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September 8, 2005

CW hosts internationally acclaimed storytellers for first storytelling festival

Colonial Williamsburg’s guests will be spellbound as they gather in Virginia’s restored 18th-century capital throughout the weekend of Sept. 16-18 to be entertained and inspired by eight internationally acclaimed storytellers during Colonial Williamsburg’s first storytelling festival “Spinning Stories/Spanning Time: A Weekend of Stories Old and New.”

These word artisans will bring to life tender and hilarious recollections of childhood; Southern stories; epic arguments; delicious recipes gone wrong; mime; African oral traditions; and post-modern folktales.

  • Don Davis, the acknowledged father of family tales, grew up in a family of traditional storytellers who have lived on the same North Carolina Appalachian southland since 1781. Davis captures the minds and hearts of his audiences, while simultaneously evoking thoughts and feelings from their own memories.
  • Jay O’Callahan says storytelling is an invitation to the audience to “see a world so vivid that the theater disappears.” For 25 years, O’Callahan has been spinning his stories around the world. Yet, after all this time, the Massachusetts native still enjoys the process of growing a story, weaving together the sounds, color and specific details that make a world.
    Alabama resident to deliver insights into humanity while sharing her wealth of Southern stories.
  • Charlotte Blake Alston is a Philadelphia-based storyteller, narrator and singer who breathes life into traditional and contemporary stories from the African and African-American oral and cultural traditions. She shares fables of flying slaves and tall tales through spoken rhythms and interwoven passages of song.
  • Laura Pershin Raynor brings to life the colorful cast of characters from her unique and loving family through tales of secret messages and outrageous tricksters. Her grandmother, who lived to be 105 years old, raised her on fascinating tales of the “old country,” providing Pershin Raynor with a rich landscape for her own stories.
  • Antonio Rocha, a native of Brazil, began his career in 1985. Since then he has performed his unique blend of mime and verbal narrative from the Far East to the Far West. Identified by some as “poetry in motion,” Rocha has studied with masters Tony Montanaro and Marcel Marceau.
  • Dylan Pritchett has averaged more than 200 performances annually in schools, libraries and museums since 1990. Pritchett’s performances and assemblies are age-appropriate with six major themes in mind: moral teachings, building self-esteem, respect, enhancing listening skills, the African oral tradition and having fun.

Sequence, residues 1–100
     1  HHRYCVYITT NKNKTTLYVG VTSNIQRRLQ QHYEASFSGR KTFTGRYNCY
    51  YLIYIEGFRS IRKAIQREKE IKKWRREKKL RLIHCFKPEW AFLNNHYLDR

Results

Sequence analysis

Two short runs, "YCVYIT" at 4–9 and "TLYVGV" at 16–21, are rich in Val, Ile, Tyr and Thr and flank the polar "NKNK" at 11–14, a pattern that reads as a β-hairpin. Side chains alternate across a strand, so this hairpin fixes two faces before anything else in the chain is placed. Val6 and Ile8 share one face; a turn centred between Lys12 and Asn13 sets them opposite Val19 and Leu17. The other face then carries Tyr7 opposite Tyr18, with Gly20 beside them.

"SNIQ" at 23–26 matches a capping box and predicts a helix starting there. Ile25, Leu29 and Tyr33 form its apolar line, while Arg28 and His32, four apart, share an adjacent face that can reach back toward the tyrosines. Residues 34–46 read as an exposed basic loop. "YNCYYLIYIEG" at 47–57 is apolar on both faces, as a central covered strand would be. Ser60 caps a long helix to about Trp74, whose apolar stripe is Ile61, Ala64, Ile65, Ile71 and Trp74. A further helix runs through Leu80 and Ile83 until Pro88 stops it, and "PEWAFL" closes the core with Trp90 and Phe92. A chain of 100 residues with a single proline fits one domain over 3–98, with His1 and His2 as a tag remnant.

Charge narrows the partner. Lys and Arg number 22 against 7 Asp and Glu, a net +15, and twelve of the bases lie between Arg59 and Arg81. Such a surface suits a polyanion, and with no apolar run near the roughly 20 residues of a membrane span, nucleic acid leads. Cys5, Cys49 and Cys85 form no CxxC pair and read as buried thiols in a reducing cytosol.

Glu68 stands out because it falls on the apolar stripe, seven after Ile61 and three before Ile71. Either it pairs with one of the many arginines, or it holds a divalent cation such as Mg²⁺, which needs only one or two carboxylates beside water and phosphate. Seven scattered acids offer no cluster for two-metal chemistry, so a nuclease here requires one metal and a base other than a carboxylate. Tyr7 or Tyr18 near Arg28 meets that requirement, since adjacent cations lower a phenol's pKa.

• Barbara McBride Smith is an Oklahoma native and storyteller of mythical proportions. Acclaimed for her uptown-downtown Greek myths, unforgettable biblical tales and on-the-edge family stories, she often seems bigger than life. In reality, McBride Smith is a school librarian, seminary professor and moonlighting storyteller.

    Colonial Williamsburg’s storytelling festival weekend begins at 10 a.m. Friday, Sept. 16 at Bassett Hall, the former Williamsburg residence of Abby and John D. Rockefeller Jr., with school group programs that include lunch. Friday evening’s 7 p.m. “Opening Olio” (storyteller sampler) in the Kimball Theatre, located in Colonial Williamsburg’s Merchants Square, offers guests a taste of what all eight storytellers will present during the weekend.

    On Saturday, Sept. 17, storytellers will perform at various Colonial Williamsburg venues, starting at 9:30 a.m. at Bassett Hall, and continuing to the Hennage Auditorium in the DeWitt Wallace Decorative Arts Museum and the Kimball Theatre. Storytellers will be available for autographs several times throughout the day.

    From 10 a.m. – 4:30 p.m. Saturday, festival attendees are invited to stop by the “Swappin’ Ground Tent” to perform their own favorite story with other lovers of great stories.

    As the sun sets Saturday evening, guests are invited to gather for “Family Stories” from 7 to 8 p.m. at Bassett Hall. Those who think that the cover of darkness is a great time for bone-chilling stories are invited to enjoy 18th - through 19th- century and contemporary “Ghost Tales” from 8 to 10 p.m. at Bassett Hall. This program will include several of Colonial Williamsburg’s expert storytellers.

    From 10 a.m. to 12:30 p.m., Sunday, Sept. 18 in the Kimball Theatre, guests will experience the closing olio of “Sacred Stories” with the featured storytellers. From 2 p.m. to 3 p.m. in the Hennage Auditorium, Colonial Williamsburg’s storytellers will share “Colonial Stories” set in the 18th and 19th centuries.

    A variety of festival ticket options is available. The full weekend pass for Friday evening, Saturday and Sunday is $45 for adults, $25 for youth 6-17 and $25 for seniors and students. The weekend family pass for up to four family members is $100. The Saturday pass is $25 for adults, $15 for youth 6-17 and $15 for seniors and students. The Sunday Pass is $20 for adults, $10 for youth 6-17 and $10 for seniors and students. Evening only performances are $12 for adults and $7 for youth 6-17, seniors and students. Children under 6 are admitted free to all programs. Colonial Williamsburg ticket holders will receive a discount on storytelling festival tickets. Special event packages also are available for guests who choose to stay in one of Colonial Williamsburg’s five hotels: Williamsburg Inn and Providence Hall, Colonial Houses, Williamsburg Lodge, Woodlands Hotel & Suites and the Governor’s Inn.

    Media Contact:
    Lorraine C. Brooks
    (757) 220-7280



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